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Urine Antigen Test The most commonly used laboratory test for diagnosis is the urinary antigen test, which detects a part of the Legionella bacteria in urine (pee). If the patient has pneumonia and the test is positive, then the patient is considered to have Legionnaires' disease.


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Culture If the Legionella bacteria are cultured (isolated and grown on special media) from sputum (phlegm), a lung biopsy specimen, or various other sites, the diagnosis of Legionnaires’ disease is also considered confirmed.


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Blood Specimens Testing the Serum Paired sera (blood specimens) that show a four-fold increase in antibody levels when drawn shortly after illness and several weeks following recovery, can also be used to confirm the diagnosis.


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Pontiac Fever Pontiac fever can be confirmed by urine antigen or paired sera (blood specimens), but a negative test doesn’t rule out the diagnosis. It is often diagnosed clinically in the setting of other laboratory-confirmed legionellosis cases. Culture (isolating and growing the bacteria on special media) cannot be used to diagnose Pontiac fever.


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Detection Sera have been used both for slide agglutination studies as well as for direct detection of bacteria in tissues using fluorescent-labelled antibody. Specific antibody in patients can be determined by the indirect fluorescent antibody test. ELISA and micro agglutination tests have also been successfully applied Legionella stains poorly with gram stain, stains positive with silver, and is cultured on charcoal yeast extract with iron and cysteine.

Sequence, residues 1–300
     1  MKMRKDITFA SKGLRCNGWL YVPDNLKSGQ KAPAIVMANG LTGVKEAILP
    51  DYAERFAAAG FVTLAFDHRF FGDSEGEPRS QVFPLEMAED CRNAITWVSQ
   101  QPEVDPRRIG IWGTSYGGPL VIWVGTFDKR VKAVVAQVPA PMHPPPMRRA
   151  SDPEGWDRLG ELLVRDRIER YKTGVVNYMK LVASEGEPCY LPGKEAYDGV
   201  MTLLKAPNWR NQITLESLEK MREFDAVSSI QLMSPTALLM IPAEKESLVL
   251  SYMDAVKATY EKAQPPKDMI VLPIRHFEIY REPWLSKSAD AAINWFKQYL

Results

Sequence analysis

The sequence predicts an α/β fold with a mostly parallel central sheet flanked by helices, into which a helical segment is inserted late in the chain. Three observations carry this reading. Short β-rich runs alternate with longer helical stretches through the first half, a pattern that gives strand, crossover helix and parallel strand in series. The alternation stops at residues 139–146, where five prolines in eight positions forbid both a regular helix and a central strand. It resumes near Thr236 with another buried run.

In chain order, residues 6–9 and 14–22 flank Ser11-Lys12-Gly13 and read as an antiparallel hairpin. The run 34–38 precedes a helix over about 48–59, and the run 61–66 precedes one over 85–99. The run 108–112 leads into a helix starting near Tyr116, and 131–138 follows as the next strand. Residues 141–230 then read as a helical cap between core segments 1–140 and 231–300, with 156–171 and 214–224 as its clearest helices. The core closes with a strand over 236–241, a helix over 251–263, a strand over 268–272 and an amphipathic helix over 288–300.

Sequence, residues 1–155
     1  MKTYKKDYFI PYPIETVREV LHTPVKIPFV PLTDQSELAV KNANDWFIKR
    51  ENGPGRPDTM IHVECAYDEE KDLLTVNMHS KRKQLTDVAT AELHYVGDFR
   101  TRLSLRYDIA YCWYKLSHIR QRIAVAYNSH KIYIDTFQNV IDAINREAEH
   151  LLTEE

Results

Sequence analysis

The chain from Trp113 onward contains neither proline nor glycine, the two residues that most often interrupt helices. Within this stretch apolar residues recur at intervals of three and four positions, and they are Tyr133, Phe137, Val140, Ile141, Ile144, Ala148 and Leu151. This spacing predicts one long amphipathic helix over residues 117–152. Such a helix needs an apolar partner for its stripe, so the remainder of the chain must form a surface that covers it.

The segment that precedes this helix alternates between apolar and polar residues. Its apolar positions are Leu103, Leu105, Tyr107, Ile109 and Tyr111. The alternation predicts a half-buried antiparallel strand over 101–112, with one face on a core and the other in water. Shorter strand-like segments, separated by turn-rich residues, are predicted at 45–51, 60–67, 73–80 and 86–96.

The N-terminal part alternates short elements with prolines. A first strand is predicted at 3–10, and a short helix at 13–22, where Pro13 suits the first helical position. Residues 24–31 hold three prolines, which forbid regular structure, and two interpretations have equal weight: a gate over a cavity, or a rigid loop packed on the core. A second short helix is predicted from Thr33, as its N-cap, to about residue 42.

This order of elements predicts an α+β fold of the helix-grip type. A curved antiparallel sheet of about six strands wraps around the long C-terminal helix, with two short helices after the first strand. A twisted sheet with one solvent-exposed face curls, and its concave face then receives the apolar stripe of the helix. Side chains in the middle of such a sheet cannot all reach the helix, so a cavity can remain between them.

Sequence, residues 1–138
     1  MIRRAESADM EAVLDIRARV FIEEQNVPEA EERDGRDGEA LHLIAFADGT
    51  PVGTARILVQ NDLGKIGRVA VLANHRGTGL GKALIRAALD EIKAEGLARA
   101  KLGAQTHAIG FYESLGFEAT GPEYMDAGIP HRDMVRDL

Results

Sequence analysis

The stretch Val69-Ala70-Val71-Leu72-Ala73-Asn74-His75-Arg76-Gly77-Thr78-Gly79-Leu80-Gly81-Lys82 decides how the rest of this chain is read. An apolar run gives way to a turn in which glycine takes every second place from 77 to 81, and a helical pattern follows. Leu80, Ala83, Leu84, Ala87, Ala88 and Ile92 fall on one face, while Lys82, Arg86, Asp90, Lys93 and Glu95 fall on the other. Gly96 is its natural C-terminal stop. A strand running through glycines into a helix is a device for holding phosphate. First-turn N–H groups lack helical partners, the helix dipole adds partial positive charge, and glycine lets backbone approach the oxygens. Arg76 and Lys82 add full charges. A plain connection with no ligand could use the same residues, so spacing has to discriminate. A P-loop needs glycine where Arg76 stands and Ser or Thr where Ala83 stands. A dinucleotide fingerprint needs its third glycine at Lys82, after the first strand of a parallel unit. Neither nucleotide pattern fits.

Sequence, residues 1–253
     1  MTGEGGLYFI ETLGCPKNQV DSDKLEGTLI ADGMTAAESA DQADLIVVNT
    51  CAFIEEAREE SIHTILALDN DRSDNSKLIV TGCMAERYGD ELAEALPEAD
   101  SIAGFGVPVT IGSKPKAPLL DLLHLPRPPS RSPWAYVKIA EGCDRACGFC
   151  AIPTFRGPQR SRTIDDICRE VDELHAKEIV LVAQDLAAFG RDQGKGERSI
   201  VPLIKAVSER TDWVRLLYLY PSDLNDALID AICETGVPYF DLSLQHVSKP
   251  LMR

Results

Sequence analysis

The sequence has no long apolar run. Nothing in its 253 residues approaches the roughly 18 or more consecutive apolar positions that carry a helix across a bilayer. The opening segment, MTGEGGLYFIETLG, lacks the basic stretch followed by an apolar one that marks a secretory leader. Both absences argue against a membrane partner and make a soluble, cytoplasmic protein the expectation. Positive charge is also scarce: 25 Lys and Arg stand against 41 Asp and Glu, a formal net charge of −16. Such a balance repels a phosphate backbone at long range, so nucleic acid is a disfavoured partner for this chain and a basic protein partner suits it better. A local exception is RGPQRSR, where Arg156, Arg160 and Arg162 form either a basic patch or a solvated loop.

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Treatment & Complications Treatment Legionnaires' disease requires treatment with antibiotics (drugs that kill bacteria in the body), and most cases of Legionnaires’ disease can be treated successfully with antibiotics. Healthy people usually get better after being sick with Legionnaires’ disease, but hospitalization is often required. Pontiac fever goes away without specific treatment. Antibiotics provide no benefit for a patient with Pontiac fever.


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Treatment Respiratory fluoroquinolones and the newer macrolides are used to treat L. pneumophila pneumonia. Treatment typically lasts 7-10 days or in the case of immunosuppressed patients, 21 days. Pontiac fever usually does not require antimicrobial therapy.


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Treatment Macrolides Ciprofloxacin Tetracycline's Rifampicin


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Programme Created and Designed by Dr.T.V.Rao MD for Medical students for Global education on Infectious Diseases email doctortvrao@gmail.com